Back in the saddle again
Writing this right now is me taking a breath. Coming back into work Monday morning was a kick to the head rolled up in an elbow to the sternum so hard that it knocked the wind out. Who would have guessed there would be list of work running half a page waiting for me after managing to only work three days on my vacation .
It’s been a bit of a mad, incoherent scramble since returning … and it’s good to be back. For the most part, everyone was nice enough to listen to my pleas, me begging for no news while I was gone. Thank you for that.
In all honesty it was eerily refreshing to go back home for a week and largely not have to worry about the day-to-day, hour-to-hour grind that this job can be. It reminded me of post college life; that sweet spot right after graduation when I had nothing to do except hope I’d find a job before going mad. Luckily, vacation was void of the depression that quickly developed in those days after tossing my black cap and gown into a closet.
For any of you who read the column before I left — the one in which I shared my anxiety of flying — I did just fine on the plane. The airport was somewhat more interesting only for the fact that before I left Rifle, I stopped into Miller’s Dry Goods to buy a pair of cowboy boots and a cowboy hat.
I wanted to walk out of the terminal at the Cincinnati airport — which oddly enough is located in northern Kentucky — and see if my parents would actually buy the fact that their son moved out west and became a cowboy.
After making it to Denver at 3 a.m. Sunday, Aug. 9, and successfully getting on the right shuttle, I walked into Denver International Airport with my hat tilted low in the front — I was told that is how you are supposed to wear it — and my boots looking like they had just came off the shelf — they had. That’s when I realized I had no idea what to do. So I adjusted my hat and walked to the nearest airport employee.
“Can I use this to get my actual ticket?” I asked holding up my cell phone with the email from the travel company pulled up on the screen.
“You sure can. Just enter that number on one of these,” he said pointing to the cluster of computers, “and it will print your boarding pass.”
After struggling for five minutes, I returned to the same gentlemen — still looking like the type of jackass who tried to adopt a look that clearly did not belong to him.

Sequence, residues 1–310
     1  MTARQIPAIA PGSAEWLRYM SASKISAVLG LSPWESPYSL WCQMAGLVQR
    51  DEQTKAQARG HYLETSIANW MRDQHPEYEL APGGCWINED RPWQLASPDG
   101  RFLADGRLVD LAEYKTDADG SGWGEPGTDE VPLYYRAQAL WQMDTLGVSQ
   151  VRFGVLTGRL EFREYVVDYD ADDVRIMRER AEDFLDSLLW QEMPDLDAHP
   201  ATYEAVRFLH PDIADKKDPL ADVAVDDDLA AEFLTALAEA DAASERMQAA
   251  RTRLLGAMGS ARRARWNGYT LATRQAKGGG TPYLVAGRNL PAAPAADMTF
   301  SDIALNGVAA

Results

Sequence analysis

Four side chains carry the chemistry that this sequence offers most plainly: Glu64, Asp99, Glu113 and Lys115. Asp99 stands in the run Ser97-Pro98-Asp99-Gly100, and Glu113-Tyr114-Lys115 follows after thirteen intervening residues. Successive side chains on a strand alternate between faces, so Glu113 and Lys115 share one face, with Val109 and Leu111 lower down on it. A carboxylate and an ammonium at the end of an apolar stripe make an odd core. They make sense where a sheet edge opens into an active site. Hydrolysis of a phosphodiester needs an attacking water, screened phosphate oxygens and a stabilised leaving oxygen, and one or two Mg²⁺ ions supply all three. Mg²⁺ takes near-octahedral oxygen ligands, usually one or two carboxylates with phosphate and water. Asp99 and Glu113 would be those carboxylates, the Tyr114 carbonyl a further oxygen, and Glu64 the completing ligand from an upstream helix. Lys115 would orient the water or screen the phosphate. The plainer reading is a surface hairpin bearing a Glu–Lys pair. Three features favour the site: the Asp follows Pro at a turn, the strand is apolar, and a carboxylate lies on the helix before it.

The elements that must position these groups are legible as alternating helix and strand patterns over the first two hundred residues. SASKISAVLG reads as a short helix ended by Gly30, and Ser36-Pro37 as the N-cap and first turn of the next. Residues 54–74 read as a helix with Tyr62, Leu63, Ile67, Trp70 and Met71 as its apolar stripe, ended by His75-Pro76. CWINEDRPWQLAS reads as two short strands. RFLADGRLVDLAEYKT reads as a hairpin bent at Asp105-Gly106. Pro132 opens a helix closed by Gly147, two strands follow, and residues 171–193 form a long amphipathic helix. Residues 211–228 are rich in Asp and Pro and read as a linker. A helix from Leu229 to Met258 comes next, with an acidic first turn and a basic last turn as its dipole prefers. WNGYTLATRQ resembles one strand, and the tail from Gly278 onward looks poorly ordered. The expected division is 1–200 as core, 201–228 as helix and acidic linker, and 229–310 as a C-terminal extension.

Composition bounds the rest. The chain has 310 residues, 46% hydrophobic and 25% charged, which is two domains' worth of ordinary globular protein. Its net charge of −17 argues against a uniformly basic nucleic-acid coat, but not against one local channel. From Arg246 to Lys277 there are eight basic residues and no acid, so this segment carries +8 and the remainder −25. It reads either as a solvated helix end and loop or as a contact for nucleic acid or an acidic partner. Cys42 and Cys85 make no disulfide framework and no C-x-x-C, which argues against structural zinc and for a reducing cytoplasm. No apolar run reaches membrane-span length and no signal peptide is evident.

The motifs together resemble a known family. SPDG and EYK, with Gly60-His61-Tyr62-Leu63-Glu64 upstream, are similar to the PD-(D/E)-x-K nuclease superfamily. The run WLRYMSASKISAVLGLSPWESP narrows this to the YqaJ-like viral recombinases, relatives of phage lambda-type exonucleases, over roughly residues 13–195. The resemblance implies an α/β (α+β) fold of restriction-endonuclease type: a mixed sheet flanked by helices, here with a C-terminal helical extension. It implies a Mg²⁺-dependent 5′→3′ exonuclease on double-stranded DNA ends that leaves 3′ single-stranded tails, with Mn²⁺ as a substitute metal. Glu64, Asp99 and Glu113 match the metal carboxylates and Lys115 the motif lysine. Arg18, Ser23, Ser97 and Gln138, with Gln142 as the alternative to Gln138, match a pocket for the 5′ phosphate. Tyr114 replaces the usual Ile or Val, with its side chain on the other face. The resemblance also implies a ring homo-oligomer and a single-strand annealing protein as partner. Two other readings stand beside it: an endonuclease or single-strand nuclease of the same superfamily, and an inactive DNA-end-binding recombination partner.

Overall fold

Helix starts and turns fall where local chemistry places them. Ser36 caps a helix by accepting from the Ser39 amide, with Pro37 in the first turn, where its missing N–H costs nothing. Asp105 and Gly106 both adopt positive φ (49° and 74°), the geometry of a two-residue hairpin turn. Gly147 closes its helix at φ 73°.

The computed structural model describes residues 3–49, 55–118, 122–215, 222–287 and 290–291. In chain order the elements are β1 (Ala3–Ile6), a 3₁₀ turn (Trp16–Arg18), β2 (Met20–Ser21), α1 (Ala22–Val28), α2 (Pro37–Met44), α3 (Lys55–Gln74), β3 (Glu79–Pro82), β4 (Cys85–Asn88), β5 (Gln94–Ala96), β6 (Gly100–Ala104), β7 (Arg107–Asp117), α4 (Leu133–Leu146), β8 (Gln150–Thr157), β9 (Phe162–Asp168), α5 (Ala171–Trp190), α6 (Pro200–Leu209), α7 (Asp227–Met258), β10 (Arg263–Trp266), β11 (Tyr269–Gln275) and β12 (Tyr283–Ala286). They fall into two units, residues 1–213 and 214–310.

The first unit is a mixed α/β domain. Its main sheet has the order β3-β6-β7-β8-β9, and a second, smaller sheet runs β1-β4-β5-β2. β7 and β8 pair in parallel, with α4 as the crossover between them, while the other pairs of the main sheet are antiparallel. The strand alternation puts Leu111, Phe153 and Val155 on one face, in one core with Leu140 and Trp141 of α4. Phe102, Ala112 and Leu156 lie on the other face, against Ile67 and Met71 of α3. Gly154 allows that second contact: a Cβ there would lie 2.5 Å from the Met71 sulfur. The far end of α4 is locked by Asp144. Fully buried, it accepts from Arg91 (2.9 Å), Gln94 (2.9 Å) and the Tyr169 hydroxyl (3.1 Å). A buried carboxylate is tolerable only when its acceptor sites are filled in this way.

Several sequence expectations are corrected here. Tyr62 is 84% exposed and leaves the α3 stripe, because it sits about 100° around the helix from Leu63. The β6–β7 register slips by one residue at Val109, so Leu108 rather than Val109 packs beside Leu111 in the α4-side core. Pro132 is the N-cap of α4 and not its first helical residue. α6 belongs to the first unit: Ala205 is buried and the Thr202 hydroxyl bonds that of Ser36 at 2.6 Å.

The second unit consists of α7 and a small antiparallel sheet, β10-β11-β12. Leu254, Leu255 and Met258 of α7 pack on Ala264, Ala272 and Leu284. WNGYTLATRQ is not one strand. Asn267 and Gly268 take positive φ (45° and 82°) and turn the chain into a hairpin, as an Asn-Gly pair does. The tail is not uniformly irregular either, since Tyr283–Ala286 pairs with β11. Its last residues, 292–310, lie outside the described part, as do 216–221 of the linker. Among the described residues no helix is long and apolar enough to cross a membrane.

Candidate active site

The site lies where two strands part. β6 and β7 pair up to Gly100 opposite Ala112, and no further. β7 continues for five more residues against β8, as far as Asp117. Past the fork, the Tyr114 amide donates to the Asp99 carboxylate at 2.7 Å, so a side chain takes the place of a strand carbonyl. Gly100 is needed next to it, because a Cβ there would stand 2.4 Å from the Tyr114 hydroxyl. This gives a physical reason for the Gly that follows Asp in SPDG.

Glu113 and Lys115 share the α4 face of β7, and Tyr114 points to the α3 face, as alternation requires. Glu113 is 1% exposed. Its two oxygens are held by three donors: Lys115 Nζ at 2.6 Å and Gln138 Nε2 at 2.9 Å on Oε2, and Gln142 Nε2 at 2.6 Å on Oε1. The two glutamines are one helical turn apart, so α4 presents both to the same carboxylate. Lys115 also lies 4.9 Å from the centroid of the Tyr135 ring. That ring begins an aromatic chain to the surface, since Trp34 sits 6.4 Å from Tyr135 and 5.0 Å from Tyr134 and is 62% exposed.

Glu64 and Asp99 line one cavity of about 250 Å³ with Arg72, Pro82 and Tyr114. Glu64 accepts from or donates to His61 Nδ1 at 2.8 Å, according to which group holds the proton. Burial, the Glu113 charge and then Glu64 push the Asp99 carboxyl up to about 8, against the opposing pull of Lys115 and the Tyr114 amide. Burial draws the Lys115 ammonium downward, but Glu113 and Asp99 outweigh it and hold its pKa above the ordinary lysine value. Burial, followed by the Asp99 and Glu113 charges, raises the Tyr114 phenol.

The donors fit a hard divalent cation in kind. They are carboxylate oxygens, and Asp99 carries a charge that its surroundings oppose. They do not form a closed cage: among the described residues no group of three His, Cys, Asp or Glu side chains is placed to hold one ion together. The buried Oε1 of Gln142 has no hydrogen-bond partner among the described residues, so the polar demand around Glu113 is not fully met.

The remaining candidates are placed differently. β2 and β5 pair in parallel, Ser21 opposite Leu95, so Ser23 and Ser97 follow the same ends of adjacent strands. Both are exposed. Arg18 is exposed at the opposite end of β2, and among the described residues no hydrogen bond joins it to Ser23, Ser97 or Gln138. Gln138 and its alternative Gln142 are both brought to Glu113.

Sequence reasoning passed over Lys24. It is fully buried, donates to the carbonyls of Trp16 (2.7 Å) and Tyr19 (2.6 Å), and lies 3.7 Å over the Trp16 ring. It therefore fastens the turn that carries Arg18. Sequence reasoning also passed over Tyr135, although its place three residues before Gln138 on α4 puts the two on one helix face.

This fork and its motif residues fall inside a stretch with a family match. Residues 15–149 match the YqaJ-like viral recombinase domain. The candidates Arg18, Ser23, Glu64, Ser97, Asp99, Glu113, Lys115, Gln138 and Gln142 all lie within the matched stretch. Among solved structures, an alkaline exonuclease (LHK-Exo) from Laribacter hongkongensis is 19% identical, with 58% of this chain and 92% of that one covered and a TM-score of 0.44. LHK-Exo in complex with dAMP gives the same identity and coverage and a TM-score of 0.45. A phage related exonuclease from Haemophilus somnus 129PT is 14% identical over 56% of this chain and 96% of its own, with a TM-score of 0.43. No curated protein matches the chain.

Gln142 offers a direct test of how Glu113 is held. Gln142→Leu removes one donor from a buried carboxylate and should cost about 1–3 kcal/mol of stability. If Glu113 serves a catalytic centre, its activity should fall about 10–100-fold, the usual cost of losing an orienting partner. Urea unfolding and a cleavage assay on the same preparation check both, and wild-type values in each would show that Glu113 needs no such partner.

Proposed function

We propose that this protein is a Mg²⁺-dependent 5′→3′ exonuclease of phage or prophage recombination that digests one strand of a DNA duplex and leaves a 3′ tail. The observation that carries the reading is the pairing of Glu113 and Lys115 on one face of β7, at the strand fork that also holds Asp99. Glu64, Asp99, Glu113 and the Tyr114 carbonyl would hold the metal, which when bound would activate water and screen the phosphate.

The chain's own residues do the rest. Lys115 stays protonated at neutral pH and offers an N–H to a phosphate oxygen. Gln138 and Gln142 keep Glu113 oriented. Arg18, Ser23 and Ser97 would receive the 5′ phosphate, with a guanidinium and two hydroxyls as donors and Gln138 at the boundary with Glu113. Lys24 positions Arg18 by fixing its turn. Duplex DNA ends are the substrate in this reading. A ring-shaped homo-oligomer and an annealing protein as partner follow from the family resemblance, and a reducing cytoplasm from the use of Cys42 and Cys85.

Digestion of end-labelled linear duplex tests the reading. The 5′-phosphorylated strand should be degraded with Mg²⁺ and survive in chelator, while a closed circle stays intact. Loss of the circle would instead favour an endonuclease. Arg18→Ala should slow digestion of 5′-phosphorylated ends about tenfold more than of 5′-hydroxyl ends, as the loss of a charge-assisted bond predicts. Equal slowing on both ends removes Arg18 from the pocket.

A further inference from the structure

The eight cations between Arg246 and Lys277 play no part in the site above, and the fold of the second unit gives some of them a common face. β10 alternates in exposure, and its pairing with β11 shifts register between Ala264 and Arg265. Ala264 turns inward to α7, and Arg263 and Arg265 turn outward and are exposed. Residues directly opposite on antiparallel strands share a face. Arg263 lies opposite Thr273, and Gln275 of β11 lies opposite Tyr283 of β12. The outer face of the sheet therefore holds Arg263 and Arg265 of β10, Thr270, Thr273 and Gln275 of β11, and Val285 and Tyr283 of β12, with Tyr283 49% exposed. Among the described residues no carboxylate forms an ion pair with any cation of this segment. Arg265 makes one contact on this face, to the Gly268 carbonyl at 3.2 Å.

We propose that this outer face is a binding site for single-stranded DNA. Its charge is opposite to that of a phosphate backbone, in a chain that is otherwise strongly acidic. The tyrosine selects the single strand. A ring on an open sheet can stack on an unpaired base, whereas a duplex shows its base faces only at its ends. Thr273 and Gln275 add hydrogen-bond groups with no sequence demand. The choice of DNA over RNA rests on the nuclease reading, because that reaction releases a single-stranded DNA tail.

“It didn’t work,” I said. He walked over with me and nearly did everything. “Thanks again.” I stopped to get some breakfast at Burger King and realized, again, after tossing the paper wrapper into the bag that I had no idea what to do or where to go. I returned to my friend, this time with the hat underneath my arm. “You’ll have to forgive me, I haven’t been in an airport in 14, 15 years. Where do I go once I have my boarding pass?”
And that was it. That was the extent of my flying woes, and I hadn’t even left the ground. I didn’t even need that drink at the airport bar, although I did have a celebratory beer on my flight into Cincinnati — apparently the price goes up $1 for every 100 feet in elevation when you’re on a plane. My family did get a kick out of the get up, but they didn’t believe it for a second.
I had fun with my family and friends, and managed to visit with some relatives who I had not seen in years. It was relaxing, but it’s good to be back. Because without the chaos, the pressure and the ensuing joy and relief that come with this job, life is pretty boring … even if you’re with the people you love the most.
Ryan Hoffman is editor of The Citizen Telegram. He can be reached at 970-685-2103 or email@example.com.
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Over the next five days, Rifle residents Ruth Brittain and Robert Harper will each be celebrating a major milestone in anyone’s life: their 100th birthday.